Proposals for a two-year scheme which would allow young Europeans to work in the UK hospitality industry after Brexit were suggested by Migration Watch UK last week and dubbed a ‘good idea’ by a Home Office source.
But Change Group said that while the plan would help staff entry-level positions, it would leave the UK struggling to build a base of skilled employees seeking a long-term career in the industry.
“Two years is not long enough to transform a kitchen porter into a sous chef, or to acquire the skills of a sommelier,” said Craig Allen, director at Change Group.
“Our concern is that restaurants will either be training up staff who will leave after two years due to visa expiration, meaning we are losing more talent, or they will continue to struggle to fill key roles in the kitchen, back office and front-of-house.”
According to research by People 1st the ‘revolving door’ culture of hospitality work already costs the sector £272m a year, with over two-thirds of restaurants and hotels struggling for staff.
Change Group said just a third of applications it received for hospitality jobs were from British workers, while 56% were from EU citizens outside the UK.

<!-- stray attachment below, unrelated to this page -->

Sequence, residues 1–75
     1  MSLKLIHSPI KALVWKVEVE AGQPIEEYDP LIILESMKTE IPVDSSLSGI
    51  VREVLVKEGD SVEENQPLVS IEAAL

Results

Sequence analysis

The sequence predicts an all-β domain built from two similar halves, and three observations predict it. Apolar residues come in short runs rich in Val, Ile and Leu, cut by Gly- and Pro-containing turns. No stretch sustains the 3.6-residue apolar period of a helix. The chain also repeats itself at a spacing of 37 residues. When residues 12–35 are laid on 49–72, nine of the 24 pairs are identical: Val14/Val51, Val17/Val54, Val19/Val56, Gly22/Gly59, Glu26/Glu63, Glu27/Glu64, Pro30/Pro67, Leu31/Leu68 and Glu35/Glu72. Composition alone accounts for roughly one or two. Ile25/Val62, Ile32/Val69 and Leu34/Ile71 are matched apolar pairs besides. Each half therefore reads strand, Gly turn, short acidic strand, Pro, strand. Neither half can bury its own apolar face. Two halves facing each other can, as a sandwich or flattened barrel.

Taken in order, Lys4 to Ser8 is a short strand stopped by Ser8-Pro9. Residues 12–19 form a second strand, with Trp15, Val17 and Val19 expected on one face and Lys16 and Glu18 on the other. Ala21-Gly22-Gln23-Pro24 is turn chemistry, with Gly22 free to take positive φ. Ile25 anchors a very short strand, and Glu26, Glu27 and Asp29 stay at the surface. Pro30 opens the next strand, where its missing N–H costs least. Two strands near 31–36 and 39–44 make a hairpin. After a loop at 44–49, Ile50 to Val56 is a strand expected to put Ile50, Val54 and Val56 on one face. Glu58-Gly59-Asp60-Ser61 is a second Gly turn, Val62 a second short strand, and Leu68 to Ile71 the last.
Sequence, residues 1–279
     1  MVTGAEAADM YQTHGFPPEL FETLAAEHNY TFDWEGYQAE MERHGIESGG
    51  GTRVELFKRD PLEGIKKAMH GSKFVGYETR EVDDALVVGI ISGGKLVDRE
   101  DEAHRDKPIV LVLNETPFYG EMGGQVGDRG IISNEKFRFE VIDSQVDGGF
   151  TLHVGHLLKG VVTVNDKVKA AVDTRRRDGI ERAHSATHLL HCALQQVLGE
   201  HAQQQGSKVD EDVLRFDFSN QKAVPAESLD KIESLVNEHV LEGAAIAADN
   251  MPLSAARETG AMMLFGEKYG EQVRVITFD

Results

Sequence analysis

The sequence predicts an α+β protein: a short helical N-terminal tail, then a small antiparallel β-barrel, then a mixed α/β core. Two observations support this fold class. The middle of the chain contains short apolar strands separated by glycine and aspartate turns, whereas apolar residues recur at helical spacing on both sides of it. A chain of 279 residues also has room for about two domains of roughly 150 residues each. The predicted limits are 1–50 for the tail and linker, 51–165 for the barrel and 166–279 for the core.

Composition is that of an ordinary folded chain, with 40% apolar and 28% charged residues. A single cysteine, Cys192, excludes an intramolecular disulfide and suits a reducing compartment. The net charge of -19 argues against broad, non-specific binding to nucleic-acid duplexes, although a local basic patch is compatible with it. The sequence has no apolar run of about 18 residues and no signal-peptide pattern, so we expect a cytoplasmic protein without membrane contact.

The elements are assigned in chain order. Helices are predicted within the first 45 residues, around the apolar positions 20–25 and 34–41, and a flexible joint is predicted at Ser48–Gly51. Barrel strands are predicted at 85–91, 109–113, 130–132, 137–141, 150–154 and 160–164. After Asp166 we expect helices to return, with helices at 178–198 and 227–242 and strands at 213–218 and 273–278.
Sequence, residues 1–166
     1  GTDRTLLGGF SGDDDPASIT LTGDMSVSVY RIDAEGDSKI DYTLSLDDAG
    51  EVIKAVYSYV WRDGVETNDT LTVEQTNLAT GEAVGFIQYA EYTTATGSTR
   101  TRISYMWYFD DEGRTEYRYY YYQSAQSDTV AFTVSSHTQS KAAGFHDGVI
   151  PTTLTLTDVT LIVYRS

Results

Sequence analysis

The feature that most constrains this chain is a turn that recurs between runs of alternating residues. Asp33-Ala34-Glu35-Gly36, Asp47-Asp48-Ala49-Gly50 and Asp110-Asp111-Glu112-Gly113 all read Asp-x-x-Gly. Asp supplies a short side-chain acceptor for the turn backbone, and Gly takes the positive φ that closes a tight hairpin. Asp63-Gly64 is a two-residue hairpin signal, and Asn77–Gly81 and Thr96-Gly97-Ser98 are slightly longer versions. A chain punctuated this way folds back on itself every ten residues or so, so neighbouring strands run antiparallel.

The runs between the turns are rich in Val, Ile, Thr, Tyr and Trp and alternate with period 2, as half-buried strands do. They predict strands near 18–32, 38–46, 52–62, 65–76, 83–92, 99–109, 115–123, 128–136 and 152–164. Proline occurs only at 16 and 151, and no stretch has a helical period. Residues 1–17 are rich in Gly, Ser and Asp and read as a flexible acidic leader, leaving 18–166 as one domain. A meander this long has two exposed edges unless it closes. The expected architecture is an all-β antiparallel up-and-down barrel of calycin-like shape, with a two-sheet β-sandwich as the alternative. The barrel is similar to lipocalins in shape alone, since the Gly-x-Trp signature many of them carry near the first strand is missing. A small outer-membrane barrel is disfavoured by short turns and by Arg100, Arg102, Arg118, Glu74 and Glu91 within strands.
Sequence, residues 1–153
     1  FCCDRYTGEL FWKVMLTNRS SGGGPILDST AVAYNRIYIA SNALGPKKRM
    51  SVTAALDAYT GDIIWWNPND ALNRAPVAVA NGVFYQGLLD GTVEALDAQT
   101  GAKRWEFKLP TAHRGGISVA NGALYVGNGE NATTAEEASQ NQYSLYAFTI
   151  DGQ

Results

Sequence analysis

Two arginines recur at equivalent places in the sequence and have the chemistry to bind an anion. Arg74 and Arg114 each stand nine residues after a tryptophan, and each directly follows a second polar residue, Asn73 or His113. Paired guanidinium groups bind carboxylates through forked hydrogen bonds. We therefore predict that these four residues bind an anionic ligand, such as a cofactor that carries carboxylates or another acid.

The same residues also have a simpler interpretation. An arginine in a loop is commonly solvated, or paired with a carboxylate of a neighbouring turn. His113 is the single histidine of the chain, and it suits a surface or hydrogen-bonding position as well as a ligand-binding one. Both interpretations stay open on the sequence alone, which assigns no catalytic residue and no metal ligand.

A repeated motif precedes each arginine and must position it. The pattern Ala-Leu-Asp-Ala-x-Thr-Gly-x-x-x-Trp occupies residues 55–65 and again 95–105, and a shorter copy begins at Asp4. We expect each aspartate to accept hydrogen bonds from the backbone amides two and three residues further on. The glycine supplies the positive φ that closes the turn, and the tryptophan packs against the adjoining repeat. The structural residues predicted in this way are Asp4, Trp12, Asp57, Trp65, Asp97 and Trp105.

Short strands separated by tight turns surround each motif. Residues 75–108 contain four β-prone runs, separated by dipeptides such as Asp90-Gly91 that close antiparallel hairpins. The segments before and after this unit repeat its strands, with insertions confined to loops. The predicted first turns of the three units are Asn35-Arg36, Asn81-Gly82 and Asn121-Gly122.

The recruiter warned that plans for a two-year visa showed the government had a ‘complete misunderstanding’ of the hospitality industry’s potential.
“Learning hospitality is not a two-year stint for roaming backpackers,” said Allen. “The government needs to build hospitality as a genuine career choice at school, college and university as well as to ease immigration of skilled migrants.”
The fate of the industry's EU workers has been left uncertain ahead of the snap general election called for 8 June, though a government White Paper released in February indicated plans to secure the rights of those already working in the UK early in the Brexit negotiations.